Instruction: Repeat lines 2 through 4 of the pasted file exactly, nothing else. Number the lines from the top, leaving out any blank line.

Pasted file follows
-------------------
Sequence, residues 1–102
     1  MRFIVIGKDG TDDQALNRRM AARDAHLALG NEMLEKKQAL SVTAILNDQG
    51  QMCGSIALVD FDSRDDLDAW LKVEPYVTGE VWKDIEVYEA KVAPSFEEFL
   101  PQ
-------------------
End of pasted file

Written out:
     1  MRFIVIGKDG TDDQALNRRM AARDAHLALG NEMLEKKQAL SVTAILNDQG
    51  QMCGSIALVD FDSRDDLDAW LKVEPYVTGE VWKDIEVYEA KVAPSFEEFL
   101  PQ